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[liberationtech] Chromebooks for Risky Situations?

T N trrevv at gmail.com
Thu Feb 7 14:55:19 PST 2013


The other things I meant to add:

Most Linux distro's are not running with their executable code on a
readonly filesystem, and it takes some effort to convert to a RO
configuration.

Also you can not login to a stock Chrome OS device as root.  That account
has logins disabled.  You have to flip to dev mode, in which case, the
machine will complain at every boot that it's mode has been switched (so
you know).


Trever


On Thu, Feb 7, 2013 at 2:41 PM, T N <trrevv at gmail.com> wrote:

> On Wed, Feb 6, 2013 at 2:16 PM, Jacob Appelbaum <jacob at appelbaum.net>wrote:
>
>> It runs software that is in Debian, the GNU/Linux operating system. I
>> know, I've written some of it (eg: tlsdate). They do a good job of
>> locking things down but it is basically just another distribution of
>> Linux.
>>
>
> I don't agree it's "basically just another linux distribution" in that
> most distros (zero?) aren't using the dm-verity Google mostly wrote and
> contributed upstream for their purposes.  The distro's could use it.
> Chrome OS is also totally stripped down compared to a typical linux
> distribution.  It's runs X but the window manager is customized and their
> own (open source, but nonetheless).
>
> But yes- it's a Linux kernel with an admixture of userland things, some of
> which are GNU, some of which are not.
>
>
> This is hilarious.
>>
>> I would *never* use a laptop that lacks a way to protect all your
>> traffic (eg: VPN/Tor/SSH tunnel/etc) in a place with serious
>> surveillance as an at risk person.
>
>
> It has ssh and supports a number of VPN protocols.  What's so funny?
>
>
>
>> Not only because the remote systems
>> will have your exact geographic location and because a lack of anonymity
>> allows for targeted attacks, but also because the local network is well
>> known to be seriously hostile!
>>
>> A persistent backdoor on your Chromebook is not actually impossible. I
>> have a few ideas for how to make it happen and I've discuss
>> security/development issues with the ChromeOS team on a nearly daily
>> basis.
>>
>
> Good luck with that.  Maybe you want to make some money this year at
> Pwnium?
>
>
> > Yes, you can't compare Chrome OS's attack surface to a typical linux
>> > distribution, or even a highly customized linux install which doesn't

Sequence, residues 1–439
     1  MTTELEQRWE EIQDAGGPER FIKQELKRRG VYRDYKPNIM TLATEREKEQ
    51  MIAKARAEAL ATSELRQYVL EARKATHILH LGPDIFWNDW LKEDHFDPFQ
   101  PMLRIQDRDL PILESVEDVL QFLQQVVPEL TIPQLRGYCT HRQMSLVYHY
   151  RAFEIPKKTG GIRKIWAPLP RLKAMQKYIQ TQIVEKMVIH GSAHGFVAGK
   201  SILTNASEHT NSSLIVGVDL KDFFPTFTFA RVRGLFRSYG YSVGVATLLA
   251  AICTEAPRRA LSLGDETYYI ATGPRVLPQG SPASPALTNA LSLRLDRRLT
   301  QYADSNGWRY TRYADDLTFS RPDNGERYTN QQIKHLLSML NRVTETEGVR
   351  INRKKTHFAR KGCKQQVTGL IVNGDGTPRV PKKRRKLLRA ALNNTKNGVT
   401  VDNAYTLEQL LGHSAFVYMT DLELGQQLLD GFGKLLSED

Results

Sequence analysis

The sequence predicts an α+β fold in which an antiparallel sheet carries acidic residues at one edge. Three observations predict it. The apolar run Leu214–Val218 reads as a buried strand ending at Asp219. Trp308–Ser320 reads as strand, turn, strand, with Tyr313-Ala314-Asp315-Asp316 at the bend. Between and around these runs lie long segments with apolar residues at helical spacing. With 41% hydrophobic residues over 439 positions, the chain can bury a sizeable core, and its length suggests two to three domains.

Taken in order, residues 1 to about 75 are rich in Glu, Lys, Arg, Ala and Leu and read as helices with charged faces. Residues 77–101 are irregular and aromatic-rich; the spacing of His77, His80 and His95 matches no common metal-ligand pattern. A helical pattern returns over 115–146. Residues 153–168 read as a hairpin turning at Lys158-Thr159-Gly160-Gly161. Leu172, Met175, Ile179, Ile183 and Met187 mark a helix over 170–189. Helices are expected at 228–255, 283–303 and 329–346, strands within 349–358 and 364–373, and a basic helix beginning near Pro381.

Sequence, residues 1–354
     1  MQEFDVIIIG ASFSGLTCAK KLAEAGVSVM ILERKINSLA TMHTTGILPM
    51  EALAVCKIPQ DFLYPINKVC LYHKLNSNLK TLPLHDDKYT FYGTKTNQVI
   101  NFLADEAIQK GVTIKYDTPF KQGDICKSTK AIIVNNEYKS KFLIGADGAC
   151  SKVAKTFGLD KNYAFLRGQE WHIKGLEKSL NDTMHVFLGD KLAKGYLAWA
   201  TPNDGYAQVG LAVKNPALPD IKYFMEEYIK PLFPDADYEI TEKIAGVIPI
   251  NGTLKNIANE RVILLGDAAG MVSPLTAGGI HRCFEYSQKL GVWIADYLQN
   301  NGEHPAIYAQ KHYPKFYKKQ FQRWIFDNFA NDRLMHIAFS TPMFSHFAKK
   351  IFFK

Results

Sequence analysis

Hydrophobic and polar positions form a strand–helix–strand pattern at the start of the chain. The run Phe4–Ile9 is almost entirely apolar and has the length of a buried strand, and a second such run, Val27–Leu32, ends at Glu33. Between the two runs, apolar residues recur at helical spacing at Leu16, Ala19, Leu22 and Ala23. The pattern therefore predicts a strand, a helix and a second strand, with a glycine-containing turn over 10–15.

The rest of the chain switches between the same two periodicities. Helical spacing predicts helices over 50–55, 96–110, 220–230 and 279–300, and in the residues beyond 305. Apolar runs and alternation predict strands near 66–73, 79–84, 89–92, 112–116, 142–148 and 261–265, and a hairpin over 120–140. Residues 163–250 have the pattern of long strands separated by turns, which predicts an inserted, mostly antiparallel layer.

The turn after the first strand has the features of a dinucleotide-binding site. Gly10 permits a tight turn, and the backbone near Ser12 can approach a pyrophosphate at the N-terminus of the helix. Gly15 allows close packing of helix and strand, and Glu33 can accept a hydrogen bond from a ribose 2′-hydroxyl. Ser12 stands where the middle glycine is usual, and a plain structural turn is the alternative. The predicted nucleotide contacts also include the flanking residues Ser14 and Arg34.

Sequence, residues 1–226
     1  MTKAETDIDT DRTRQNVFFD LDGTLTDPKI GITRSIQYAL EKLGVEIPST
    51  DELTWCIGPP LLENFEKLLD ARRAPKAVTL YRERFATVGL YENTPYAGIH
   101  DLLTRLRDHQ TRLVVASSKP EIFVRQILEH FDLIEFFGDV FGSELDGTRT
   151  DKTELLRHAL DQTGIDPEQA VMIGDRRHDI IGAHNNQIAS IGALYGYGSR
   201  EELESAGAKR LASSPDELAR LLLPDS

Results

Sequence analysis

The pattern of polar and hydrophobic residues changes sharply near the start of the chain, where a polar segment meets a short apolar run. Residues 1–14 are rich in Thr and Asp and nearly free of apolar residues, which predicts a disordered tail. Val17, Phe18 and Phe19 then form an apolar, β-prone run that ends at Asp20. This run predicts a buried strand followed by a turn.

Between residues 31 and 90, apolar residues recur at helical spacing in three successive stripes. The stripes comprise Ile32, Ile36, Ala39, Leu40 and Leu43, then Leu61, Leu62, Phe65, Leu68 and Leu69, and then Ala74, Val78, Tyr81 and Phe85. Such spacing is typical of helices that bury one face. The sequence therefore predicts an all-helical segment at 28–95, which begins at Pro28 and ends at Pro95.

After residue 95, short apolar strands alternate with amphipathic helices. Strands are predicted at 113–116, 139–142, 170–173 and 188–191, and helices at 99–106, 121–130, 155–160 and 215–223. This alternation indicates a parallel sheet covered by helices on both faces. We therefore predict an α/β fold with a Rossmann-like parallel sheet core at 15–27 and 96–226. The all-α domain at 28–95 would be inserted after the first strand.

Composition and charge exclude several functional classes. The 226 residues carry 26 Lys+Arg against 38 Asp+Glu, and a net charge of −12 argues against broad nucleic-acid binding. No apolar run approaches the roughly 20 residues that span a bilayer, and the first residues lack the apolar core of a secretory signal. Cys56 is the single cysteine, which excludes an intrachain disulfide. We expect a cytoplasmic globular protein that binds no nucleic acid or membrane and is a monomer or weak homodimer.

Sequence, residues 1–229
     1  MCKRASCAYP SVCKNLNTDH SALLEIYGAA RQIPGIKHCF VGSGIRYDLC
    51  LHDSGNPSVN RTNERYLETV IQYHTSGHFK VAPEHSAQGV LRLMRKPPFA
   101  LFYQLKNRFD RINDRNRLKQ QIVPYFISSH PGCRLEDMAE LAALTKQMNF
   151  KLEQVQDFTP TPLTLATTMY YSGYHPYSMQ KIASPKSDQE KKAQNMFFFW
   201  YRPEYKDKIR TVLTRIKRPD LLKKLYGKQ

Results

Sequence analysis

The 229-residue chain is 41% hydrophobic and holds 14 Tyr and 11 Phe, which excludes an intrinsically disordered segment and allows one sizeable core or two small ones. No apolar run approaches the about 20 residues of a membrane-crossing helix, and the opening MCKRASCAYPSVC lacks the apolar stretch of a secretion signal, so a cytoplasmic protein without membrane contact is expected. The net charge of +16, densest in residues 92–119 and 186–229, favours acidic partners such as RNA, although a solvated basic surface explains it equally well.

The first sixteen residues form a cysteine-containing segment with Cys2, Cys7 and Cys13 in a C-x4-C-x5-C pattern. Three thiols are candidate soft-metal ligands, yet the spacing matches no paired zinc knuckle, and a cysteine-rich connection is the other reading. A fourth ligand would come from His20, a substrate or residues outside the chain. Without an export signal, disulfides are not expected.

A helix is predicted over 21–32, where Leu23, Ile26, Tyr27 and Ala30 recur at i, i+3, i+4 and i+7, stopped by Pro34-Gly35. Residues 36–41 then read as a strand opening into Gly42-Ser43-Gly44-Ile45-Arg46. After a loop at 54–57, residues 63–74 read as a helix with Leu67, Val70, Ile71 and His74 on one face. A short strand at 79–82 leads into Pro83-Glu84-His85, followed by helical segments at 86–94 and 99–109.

>> have
>> > the hardware root of trust.
>> >
>>
>> Actually, I think you can compare it - one major advantage is that you
>> can protect your network traffic and compartmentalize your risk with any
>> Secure Boot enabled Linux distro. You can also do it without secure boot
>> and it isn't terribly hard as long as you draw arbitrary lines like "the
>> EFI firmware blobs and hardware are out of scope" which is what happens
>> with Secure Boot systems anyway.
>>
>
> I think you're seriously missing the point here.  My remarks were well
> qualified.  Conditionals have to met:
>
> - IF you want low cost (time is money, so efforts to set up a Linux secure
> laptop that are time consuming are expensive, as is all the time you spent
> to learn how to do these things in the first place)
> - IF you want a somewhat naive user to use the device (eg. journalist)
> - etc.
>
> All you're saying is that "If I'm a total techie weenie with nothing but
> time on my hands I can do way better than a Chromebook".
>
> Well of course.  I don't disagree with something along those lines.  But
> that's not the practical use cases I was trying to summons.
>
> That said, to the extent that I sort of implied a Chromebook is some kind
> of safe thing to use in China for a person at risk... well.... no.  I would
> not want to stand on that!  And I actually agree with what you're saying as
> far as that goes.
>
> My point was for something off the shelf, I know of nothing better and as
> far as it goes... I'd say it's a step up for a lot people who should be
> using more secure IT technologies and methods than they are (such as some